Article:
The Highest Movie Budget Of All Time

Films are made with a specific budget. Finances are to be settled well before filming so that the shoot will transition without any problem. However, this is not always the case in Hollywood. Year after year, the production expenses in a film increase as audiences demand better quality, whether it be the special effects, the set, the costumes, all of the above.

The production of a film is the time in which it is created and shot. The set designers and staging crew will design the set. The costume designers will create the attires for all characters and extras. The director, assistant editor, sound editors, script supervisor, and actors will work together toward the completion of the film. The distribution team will oversee the final stages of the film, make the necessary adverts, and schedule the release date at the cinemas. They also organize the launch parties and press releases. All these preparation and production will cost a considerable amount depending on the materials and the people that were involved in the film.

Most expensive film of all time

As filmmakers produce films every year, there is a great chance that a newer, flashier film will outdo the most expensive movie of the current date. However, over the course of time, people also realize the secretive side of accounting a movie budget. Most film producers do not declare the total cost of their films. For the longest time, it was “Pirates of the Carribean: On Stranger Tides” that held the record budget of $378.5 million. This is followed by “Avengers: Endgame” at $3.65 million, “Avengers: Infinity War” at $356 million and “Avengers: Age of Ultron” at $316 million. “Pirates of the Carribean: At World’s End” and “Justice League” tied in fifth place at $300 million.

Several factors affect inflation in making a film. Film has come a long way from the silent era. The movie budget of that time cannot possibly survive with the demands of the current time. The invention of better cameras, sound equipment, special effects, sets, costumes, has only pushed the envelop for newcomers to raise the bar even higher. This continuation of pushing limits, in turn, makes the demand for better, more expensive equipment in creating a “better” film.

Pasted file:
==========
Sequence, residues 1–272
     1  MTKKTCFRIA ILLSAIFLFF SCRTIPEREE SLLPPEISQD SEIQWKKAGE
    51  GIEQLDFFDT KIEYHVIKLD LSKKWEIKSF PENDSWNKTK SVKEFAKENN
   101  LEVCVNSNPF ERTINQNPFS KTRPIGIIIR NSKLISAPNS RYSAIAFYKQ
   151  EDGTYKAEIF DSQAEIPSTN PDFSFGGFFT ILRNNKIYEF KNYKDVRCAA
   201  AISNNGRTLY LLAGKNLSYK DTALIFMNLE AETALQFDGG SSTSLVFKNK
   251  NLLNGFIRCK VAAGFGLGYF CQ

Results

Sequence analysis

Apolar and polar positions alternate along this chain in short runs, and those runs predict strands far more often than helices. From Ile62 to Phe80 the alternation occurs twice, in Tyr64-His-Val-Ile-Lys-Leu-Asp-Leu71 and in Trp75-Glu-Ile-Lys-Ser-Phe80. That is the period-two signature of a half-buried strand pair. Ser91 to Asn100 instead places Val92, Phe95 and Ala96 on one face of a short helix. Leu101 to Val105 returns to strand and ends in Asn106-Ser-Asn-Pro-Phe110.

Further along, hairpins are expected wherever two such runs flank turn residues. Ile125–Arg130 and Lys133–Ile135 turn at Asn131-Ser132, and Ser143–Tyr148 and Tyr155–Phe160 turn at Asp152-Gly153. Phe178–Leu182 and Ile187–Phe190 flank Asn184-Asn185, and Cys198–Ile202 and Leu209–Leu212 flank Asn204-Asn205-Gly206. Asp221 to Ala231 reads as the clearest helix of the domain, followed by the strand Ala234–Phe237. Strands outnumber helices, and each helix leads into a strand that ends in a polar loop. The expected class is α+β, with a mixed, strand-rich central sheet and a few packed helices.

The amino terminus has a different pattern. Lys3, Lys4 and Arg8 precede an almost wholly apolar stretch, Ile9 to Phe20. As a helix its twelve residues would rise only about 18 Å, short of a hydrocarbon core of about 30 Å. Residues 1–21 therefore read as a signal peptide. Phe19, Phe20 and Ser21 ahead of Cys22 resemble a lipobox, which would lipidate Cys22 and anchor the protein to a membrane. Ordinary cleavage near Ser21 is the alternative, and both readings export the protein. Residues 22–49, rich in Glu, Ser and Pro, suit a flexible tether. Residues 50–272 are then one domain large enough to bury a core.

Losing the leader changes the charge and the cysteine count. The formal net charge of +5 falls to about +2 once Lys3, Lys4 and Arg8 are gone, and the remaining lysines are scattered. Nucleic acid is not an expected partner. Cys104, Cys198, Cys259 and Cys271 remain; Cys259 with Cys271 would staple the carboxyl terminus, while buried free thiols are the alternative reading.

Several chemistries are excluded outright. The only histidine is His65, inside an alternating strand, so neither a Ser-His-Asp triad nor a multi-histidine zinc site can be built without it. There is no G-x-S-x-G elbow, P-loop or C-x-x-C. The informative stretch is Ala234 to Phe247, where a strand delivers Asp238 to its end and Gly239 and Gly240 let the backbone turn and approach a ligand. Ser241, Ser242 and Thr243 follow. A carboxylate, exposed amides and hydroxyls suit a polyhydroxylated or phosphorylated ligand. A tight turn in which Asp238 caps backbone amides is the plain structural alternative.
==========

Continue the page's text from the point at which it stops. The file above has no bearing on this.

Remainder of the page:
In the ’90s, the bar was even raised further. Two films directed by James Cameron cost $100 million for True Lies, $200 million for Titanic. This has set the bar to production cost for good quality movie all around.  

How Realistic Are The Battle Scenes In “Midway?”

What is the Movie “Midway?”

Midway is a historical movie. It was the event the follows the story of the devastating 1941 attack on the U.S. naval located at Pearl Harbour, Hawaii, by the Japanese forces. After six months, the battle in Midway began due to another impending attack of the Japanese forces in the U.S.

The battle in Midway is the first step of the United States’ campaign to defeat the Japanese forces. This is also their first significant victory in the Pacific area during World War 2. The battle took place on June 4-7, 1942. It was a sea and air battle, which is marked as the first comeback victory of the United States against the Japanese forces.

What about the battle in the movie, are they real?

First of all, the characters in the movie were accurate. Even their faces look a significant resemblance to the real person in the history. Second, the ships, planes, and other things that we can see in the movie are also accurate. Since there were no planes and aircraft carriers used in 1942 that can function well, they had to create everything from scratch to make them as precisely as they were before.

When it comes to battle sequences, the movie’s fact check reveals that it is relatively accurate. However, some details are needed to be sacrificed so that filmmakers could get the shots they wanted for the movie. To do that, they need to change the formations of planes and ships to shoot them together, so they can capture lots of ships and aircraft in one shot. We can see this in the movie on the Midway Atoll as the Japanese execute their attack.

Exaggerated destruction

There were also times in the movie where the destruction was exaggerated. One example of that is the air raid scene conducted by United States on the airbase controlled by the Japanese on Marshall Islands. Another one is when Dauntless blew up more than five Mitsubishi G3Ms, when in real historical account they only blew up one on the ground. Also many of the bombs dropped by the Japanese did not hit their targets. But for the purpose of the movie, they have to exaggerate. They have to make ground hits more than once or all at the same time so they can effectively convey the destruction to the audience.

Therefore the account of the war and the story conveyed by the movie is accurate. However, they have to exaggerate the battle to make it palatable for the eyes of the viewers.